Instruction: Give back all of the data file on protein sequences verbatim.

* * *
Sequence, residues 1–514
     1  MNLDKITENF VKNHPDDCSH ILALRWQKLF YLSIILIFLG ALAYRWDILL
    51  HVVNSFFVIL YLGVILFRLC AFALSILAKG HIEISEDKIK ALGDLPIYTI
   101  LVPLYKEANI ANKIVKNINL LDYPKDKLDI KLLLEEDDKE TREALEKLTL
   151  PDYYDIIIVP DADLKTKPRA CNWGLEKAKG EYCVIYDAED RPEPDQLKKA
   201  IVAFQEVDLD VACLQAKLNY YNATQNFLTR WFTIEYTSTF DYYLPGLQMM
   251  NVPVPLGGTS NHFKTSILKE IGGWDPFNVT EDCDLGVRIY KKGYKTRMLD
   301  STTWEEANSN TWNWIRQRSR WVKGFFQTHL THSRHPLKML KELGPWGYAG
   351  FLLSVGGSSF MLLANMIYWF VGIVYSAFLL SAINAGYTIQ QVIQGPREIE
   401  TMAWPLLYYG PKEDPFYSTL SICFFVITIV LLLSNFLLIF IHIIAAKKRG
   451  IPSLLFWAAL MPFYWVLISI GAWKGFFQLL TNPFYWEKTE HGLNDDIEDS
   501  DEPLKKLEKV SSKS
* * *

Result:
Sequence, residues 1–514
     1  MNLDKITENF VKNHPDDCSH ILALRWQKLF YLSIILIFLG ALAYRWDILL
    51  HVVNSFFVIL YLGVILFRLC AFALSILAKG HIEISEDKIK ALGDLPIYTI
   101  LVPLYKEANI ANKIVKNINL LDYPKDKLDI KLLLEEDDKE TREALEKLTL
   151  PDYYDIIIVP DADLKTKPRA CNWGLEKAKG EYCVIYDAED RPEPDQLKKA
   201  IVAFQEVDLD VACLQAKLNY YNATQNFLTR WFTIEYTSTF DYYLPGLQMM
   251  NVPVPLGGTS NHFKTSILKE IGGWDPFNVT EDCDLGVRIY KKGYKTRMLD
   301  STTWEEANSN TWNWIRQRSR WVKGFFQTHL THSRHPLKML KELGPWGYAG
   351  FLLSVGGSSF MLLANMIYWF VGIVYSAFLL SAINAGYTIQ QVIQGPREIE
   401  TMAWPLLYYG PKEDPFYSTL SICFFVITIV LLLSNFLLIF IHIIAAKKRG
   451  IPSLLFWAAL MPFYWVLISI GAWKGFFQLL TNPFYWEKTE HGLNDDIEDS
   501  DEPLKKLEKV SSKS